On reading The Diff

Yesterday Byrne asked for testimonials. In a happy coincidence, I was already planning to write something about consuming newsletters.

I've argued elsewhere for "T-shaped" reading plans: it's an underrated skill, maximizing how much and well you consume what you're best at consuming. But now you need to figure out: what should it be that you consume a lot of?

For me, it's largely newsletter writers. The economics of this aren't fully clear to me (or anyone else, I think), but the people I'm most willing to bet chunks of my cognitive life on are, disproportionately, writing newsletters or newsletter-adjacent things.


  1. It makes them prolific, which fuels componding returns for a good reader (see above).
  2. There are massive intellectual benefits to writing on the cadence a newsletter encourages, so the writers are improving most rapidly.
  3. Various selection effects.
  4. There are intellectual benefits to reading on the cadence a newsletter encourages, too.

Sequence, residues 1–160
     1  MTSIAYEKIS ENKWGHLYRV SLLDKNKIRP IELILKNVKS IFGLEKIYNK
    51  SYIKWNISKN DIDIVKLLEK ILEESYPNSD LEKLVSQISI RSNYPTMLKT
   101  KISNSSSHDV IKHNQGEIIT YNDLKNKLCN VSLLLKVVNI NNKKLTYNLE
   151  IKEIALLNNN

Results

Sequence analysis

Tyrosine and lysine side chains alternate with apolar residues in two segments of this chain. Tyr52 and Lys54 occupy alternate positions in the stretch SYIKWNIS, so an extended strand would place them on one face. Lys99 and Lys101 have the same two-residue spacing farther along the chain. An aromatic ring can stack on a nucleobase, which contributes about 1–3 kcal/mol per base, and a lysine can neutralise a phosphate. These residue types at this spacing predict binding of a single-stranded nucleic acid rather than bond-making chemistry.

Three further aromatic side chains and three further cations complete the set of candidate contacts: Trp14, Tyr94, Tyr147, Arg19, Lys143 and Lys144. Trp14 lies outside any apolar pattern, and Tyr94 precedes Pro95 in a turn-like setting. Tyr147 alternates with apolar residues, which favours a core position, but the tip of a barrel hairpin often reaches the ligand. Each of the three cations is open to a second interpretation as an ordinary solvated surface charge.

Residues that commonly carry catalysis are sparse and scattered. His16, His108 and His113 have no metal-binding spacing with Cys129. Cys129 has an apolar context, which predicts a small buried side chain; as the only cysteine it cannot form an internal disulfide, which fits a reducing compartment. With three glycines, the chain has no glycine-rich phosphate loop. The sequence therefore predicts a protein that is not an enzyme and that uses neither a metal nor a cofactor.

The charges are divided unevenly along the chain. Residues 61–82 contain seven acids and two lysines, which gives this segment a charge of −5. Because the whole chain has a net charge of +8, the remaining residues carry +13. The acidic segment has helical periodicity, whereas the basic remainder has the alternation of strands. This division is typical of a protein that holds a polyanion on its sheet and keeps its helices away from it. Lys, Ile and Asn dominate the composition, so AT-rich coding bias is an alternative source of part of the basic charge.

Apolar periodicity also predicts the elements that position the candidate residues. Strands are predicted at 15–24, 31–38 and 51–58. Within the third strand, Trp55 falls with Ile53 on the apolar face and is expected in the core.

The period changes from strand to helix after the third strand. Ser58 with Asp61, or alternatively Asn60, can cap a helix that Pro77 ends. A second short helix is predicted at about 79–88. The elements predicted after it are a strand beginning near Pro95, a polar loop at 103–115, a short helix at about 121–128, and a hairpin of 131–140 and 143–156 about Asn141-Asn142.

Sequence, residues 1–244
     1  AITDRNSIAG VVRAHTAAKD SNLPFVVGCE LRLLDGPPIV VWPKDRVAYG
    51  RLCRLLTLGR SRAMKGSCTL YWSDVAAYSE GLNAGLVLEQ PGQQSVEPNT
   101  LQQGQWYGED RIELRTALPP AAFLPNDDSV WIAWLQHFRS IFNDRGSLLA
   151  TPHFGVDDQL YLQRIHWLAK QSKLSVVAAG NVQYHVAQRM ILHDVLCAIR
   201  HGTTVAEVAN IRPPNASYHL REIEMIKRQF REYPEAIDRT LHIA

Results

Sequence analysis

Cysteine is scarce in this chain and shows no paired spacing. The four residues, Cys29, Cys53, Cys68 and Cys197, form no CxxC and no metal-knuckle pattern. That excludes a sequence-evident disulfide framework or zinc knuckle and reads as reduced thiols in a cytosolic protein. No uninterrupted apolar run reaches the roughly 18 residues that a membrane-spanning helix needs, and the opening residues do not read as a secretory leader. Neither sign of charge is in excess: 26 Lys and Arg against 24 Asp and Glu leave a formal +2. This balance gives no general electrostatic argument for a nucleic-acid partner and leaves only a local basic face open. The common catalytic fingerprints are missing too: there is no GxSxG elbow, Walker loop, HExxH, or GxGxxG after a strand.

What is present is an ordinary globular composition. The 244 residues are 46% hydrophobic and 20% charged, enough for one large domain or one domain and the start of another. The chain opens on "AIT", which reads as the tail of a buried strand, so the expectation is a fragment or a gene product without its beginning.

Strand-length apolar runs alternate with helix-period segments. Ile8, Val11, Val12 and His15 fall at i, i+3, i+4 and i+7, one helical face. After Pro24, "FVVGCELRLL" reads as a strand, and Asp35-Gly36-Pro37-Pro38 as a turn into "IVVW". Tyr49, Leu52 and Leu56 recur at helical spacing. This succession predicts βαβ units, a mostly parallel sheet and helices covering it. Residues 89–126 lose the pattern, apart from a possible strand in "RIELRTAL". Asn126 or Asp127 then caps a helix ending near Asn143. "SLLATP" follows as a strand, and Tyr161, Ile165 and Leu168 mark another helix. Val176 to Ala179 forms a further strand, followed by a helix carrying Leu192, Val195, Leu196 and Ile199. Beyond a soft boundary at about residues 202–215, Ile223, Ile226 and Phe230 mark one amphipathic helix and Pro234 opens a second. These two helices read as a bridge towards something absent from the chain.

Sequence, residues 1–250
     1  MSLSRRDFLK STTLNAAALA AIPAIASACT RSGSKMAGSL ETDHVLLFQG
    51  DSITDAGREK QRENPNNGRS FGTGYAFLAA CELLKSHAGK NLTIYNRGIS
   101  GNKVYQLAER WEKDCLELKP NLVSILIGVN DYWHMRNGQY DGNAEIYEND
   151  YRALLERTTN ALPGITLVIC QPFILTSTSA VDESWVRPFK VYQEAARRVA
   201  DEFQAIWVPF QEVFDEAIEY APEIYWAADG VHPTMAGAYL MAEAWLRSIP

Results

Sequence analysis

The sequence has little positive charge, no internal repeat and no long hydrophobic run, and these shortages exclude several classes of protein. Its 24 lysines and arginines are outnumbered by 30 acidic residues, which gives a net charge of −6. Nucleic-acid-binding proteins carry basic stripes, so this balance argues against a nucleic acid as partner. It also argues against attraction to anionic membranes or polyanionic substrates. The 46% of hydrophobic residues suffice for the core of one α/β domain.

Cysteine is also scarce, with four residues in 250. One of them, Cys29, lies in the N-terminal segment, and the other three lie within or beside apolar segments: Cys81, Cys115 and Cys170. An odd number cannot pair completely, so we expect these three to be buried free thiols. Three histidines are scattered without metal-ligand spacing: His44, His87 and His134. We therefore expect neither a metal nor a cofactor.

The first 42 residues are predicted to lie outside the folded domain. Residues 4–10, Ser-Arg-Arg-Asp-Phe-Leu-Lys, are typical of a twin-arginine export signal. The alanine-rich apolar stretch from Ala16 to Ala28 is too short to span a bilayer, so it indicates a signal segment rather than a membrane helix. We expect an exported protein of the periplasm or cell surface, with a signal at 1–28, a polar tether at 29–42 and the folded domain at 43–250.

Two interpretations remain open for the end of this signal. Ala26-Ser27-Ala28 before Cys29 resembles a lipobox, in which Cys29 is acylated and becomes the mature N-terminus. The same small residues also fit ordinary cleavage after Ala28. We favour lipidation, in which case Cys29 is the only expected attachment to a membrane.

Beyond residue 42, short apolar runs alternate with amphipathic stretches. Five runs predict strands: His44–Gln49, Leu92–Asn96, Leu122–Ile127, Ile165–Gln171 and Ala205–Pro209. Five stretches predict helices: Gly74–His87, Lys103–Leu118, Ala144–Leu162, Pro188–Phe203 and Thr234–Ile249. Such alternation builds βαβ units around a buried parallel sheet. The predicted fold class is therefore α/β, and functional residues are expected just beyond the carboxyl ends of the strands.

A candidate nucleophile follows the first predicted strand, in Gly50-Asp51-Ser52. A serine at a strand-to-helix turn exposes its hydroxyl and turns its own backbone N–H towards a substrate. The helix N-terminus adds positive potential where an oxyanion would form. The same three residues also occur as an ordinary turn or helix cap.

5. It's important to have a lot of upside in your intellectual choices, and the best newsletters can improve in a basically unbounded way. (This is an aspect of (2).)
  6. They're good influences: having newsletters in your environment surrounds you with models of hard, diligent work.
  7. They're fairly likely to develop intellectual perspectives that aren't redundant with the rest of what's out there. (Related to (2), (3), and (5).)
  8. They're in your email archives already, so they improve your email search results. (Less important than the others, but a nice bonus.)
  9. And right now, The Diff is--for me, at least--the best newsletter going and the single most indispensable part of my information diet. I'm not really a finance guy--I just think of it as a student of the world sending me frequent dispatches from everywhere and about everything.

So, that's my testimonial. It's mostly a testimonial for newsletters, but also one for Byrne as a reliably useful (and fun!) read and a trustworthy investment decision for your intellectual effort.

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